Reno County residents brace for worst flooding in a decade

Posted: Updated:
Reno County roads partially overrun with water on Monday are now completely impassable. Reno County roads partially overrun with water on Monday are now completely impassable.
Fields along the Cow Creek are turning into ponds as the creek overflows its banks. Fields along the Cow Creek are turning into ponds as the creek overflows its banks.
Residents along the Cow Creek remember how bad the 2007 flooding was. Residents along the Cow Creek remember how bad the 2007 flooding was.
The Cow Creek crossed into flood stage overnight Monday to Tuesday.  It's expected to crest Saturday around 12.4 feet. The Cow Creek crossed into flood stage overnight Monday to Tuesday. It's expected to crest Saturday around 12.4 feet.
RENO COUNTY, Kan. (KAKE) -

“I remember standing up and leaning way out over and looking and just seeing the water bubble ‘cause it was raining,” said Rachel Hawkinson.  She was a pre-schooler the last time the Cow Creek brought floodwaters right up to her family’s front porch on the Kansas Bible Camp grounds.

In Reno County the Cow Creek is on the rise toward what could be the worst flooding in the county since 2007.  The county is warning residents along the flood path to make plans to get out now, before the flood reaches homes.

The Cow Creek started overflowing its banks overnight Monday to Tuesday and is still rising.  Reno County issued a local disaster declaration Tuesday morning, telling residents along the creek to get ready to get out and warning drivers to stay off flooded streets.

Flooded roadway closures here

“It puts our emergency operation plan into effect,” said Adam Weishaar, director of Reno County Emergency Management.  “We start tracking costs. And it really gives us a little more pliability so we can block off roads, we can stop people from entering an area of disaster.  It makes all non-navigable bodies of water off limits to the public.”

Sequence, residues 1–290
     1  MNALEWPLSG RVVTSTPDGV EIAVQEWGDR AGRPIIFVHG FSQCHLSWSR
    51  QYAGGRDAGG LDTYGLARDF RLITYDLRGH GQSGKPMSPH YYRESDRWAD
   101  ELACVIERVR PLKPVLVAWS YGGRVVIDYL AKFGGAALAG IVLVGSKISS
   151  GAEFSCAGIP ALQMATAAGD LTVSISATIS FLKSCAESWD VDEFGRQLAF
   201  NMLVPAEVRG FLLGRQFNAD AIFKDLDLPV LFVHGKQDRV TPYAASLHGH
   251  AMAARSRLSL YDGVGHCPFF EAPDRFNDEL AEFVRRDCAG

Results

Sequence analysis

Weishaar doesn’t expect the creek to crest until Saturday and says the expected crest of 12.4 feet will be the highest the creek has risen since the floods of 2007, when it reached 12.8 feet.  Since then, the City of Hutchinson and Reno County have done a lot of work along the creek to make floods less dangerous to homes and people in the area.

“They’ve cleared out some areas, put in some new culverts, stuff like that,” he said.  “The water flows through a whole lot better.  And we’re hoping there won’t be a flood like 2007.  But at this point we’re just kind of going to watch and see what actually occurs.”

Folks who live along the creek are keeping a close eye on it as it keeps getting deeper.  Many remember how bad the flooding got eleven years ago.

“I remember asking my mom, ‘Is our house going to float away?’” Rachel Hawkinson laughed. 

She and her family live at the Kansas Bible Camp along the Cow Creek northwest of Hutchinson.  She says one memory sticks out from all the rest.

“Mostly it’s just the smell afterwards,” she said.  “It stinks so bad.”

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While the water is already creeping into their front yard, Rachel says she doesn’t expect things to get as bad as she remembers last time.

“We were canoeing all around and it was so weird.  It was like the camp is one giant pool.  It’s not just the swimming pool anymore.  It’s everywhere,” she said.

Because of the uncertainty of just what to expect from the creek this time around, Weishaar is warning families like Hawkinson’s to have a plan now, decide before the flood waters surround them if they’re going to evacuate or stay home.

“If they’re going to stay know that they’re going to probably be on their own for a couple three day,"  Weishaar explained.  “Our first responders don’t need to risk their lives to go out and respond to these residences for situations that are not life threatening.  Our first responders will go out if there’s a life safety concern. But, other than that, these individuals or these residents are going to be on their own.”

Rachel says she and her family have already thought about that.

“It’s not supposed to get that high,” she said.  “If we do get evacuated we know where we’re going to go.”

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